Several donor agencies who invested their time to investigate the use of their funds have found them not being used for the intended targets. For example, many grants for poverty reduction and micro-credits have not reached to the targeted grassroots, and many other projects were "drawn" to the area of influential leaders, rather than implementing them where they were really needed. One can easily find out from the records of working areas of the implemented projects that more projects are active in already developed areas like Sunsari or Morang, than in backward areas of Siraha or Saptary. Further, if you look at the staffs involved in such foreign invested projects and international organizations working in Nepal, they seem to be overwhelmingly in the hands of ruling-class people due to their easy access to the government and power structure, and indigenous groups, Dalits and Madheshis are heavily under-represented. For example, according to a survey report by UNDP, participation of Madheshis in international organizations and projects is only 5%, whereas that of Pahadi is 81%. Such a disparate representation in these organizations effectively allows ruling-classes people to "hijack" the projects to their areas, disregarding the real needs of other areas. Also, the reports about various issues prepared by them in these organizations tend to fill-up with the attitude of ruling-classes people, and often ignore or underestimate or even suppress the issues of minorities, indigenous people, Dalits and Madheshis. The issue of under-representation and marginalization of other indigenous groups and Madheshis being largely unknown or ignored by the world before the recent uprising is the consequential evidence of this.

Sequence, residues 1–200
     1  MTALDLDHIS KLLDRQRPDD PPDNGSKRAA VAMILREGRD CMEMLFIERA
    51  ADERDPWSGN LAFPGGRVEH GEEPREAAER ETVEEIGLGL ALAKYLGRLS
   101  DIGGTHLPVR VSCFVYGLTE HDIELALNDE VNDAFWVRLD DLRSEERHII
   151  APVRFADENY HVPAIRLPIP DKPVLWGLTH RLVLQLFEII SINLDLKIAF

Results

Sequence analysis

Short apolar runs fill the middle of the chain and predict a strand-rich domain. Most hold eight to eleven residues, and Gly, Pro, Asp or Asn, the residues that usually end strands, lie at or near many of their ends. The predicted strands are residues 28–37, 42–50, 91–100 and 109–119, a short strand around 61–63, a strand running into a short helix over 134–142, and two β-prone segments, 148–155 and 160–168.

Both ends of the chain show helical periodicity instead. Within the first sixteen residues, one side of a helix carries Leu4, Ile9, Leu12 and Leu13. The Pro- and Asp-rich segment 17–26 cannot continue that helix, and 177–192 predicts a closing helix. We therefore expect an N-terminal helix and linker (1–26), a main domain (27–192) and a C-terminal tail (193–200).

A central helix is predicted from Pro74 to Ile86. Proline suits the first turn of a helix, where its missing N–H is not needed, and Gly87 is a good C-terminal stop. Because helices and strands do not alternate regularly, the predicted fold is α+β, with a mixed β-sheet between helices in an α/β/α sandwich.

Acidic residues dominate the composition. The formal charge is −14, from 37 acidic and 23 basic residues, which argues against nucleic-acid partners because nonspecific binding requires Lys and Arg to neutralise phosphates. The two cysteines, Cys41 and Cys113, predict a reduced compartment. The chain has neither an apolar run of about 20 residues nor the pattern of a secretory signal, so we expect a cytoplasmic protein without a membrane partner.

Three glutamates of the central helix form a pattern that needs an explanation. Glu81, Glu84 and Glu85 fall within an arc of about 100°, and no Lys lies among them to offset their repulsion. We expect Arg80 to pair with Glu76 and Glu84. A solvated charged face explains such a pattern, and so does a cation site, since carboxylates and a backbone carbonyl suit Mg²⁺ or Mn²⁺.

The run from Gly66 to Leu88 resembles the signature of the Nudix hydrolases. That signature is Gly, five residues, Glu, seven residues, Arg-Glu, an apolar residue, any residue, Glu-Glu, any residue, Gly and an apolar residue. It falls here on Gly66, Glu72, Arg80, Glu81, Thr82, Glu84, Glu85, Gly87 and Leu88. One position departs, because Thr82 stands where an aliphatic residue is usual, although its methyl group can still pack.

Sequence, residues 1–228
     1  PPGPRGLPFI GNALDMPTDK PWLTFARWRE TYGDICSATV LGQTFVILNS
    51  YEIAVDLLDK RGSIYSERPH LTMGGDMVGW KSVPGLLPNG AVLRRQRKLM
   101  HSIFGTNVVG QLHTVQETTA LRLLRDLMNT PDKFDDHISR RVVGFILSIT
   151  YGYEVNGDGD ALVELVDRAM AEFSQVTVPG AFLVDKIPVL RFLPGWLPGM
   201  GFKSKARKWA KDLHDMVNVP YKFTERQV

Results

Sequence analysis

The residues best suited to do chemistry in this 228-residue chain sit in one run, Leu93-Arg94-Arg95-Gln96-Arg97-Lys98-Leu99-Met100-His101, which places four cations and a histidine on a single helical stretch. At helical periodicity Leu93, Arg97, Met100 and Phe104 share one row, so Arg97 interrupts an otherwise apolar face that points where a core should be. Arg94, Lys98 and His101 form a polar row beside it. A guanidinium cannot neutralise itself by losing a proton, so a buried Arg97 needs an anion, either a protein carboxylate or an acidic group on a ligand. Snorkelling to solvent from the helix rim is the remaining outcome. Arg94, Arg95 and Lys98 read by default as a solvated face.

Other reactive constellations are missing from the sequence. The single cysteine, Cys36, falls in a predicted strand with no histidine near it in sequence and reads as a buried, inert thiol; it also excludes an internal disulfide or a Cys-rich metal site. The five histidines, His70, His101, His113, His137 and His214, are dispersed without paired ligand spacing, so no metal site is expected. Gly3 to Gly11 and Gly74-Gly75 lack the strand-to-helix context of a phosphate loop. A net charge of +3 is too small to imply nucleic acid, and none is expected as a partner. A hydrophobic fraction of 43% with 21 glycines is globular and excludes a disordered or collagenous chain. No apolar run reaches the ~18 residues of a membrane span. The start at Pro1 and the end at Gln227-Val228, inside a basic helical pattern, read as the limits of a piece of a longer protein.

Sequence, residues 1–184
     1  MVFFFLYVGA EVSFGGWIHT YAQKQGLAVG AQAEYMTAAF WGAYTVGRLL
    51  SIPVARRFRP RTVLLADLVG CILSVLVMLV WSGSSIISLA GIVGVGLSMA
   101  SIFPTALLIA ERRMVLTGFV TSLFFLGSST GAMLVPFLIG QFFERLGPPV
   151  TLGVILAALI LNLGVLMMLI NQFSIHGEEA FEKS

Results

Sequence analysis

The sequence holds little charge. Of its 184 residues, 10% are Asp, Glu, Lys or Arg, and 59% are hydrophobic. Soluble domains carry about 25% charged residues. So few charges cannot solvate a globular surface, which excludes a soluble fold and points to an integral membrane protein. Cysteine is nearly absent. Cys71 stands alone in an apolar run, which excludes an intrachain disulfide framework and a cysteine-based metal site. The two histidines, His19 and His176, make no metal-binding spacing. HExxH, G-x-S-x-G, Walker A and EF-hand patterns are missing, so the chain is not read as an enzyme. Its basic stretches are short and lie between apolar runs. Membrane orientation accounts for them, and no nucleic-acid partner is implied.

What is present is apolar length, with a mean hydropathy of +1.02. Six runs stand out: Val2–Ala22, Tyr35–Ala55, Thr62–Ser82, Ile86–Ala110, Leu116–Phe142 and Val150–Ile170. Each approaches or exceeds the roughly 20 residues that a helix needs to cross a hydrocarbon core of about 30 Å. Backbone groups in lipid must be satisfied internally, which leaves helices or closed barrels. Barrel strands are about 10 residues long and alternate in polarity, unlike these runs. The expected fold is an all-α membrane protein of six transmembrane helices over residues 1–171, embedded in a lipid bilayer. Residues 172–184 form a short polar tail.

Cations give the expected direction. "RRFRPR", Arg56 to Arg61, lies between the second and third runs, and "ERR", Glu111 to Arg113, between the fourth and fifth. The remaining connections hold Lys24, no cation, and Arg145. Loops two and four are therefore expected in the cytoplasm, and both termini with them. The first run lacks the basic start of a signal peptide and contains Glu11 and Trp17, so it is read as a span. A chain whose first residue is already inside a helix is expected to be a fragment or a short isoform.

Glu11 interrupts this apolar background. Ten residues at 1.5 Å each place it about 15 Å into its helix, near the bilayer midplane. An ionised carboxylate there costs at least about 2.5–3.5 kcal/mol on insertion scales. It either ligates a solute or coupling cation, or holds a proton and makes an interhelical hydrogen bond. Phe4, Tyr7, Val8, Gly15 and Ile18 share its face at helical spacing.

The 2006 World Bank report signals significant deterioration of "voice and accountability" in Nepal in case of project implementations. The report evaluates the "Monitoring and Evaluation Reports" as of lowest category of negative practices with score of 32 (< 33 negative, 34-49 mostly negative, 50-66 mostly positive, and > 67 positive), and the "Public and Legislative Involvement" as the lowest of all countries with score of 7%. Besides, Nepal has CPI (corruption perception index) of 2.5 making it to stand at 117th position in a list of 158 groups of countries. And this CPI score relates to the corruption as seen by business people, academics and risk analysts who are still mostly affiliated with government themselves in Nepal, leaving the possibility of real CPI score to be much lower (highly corrupt).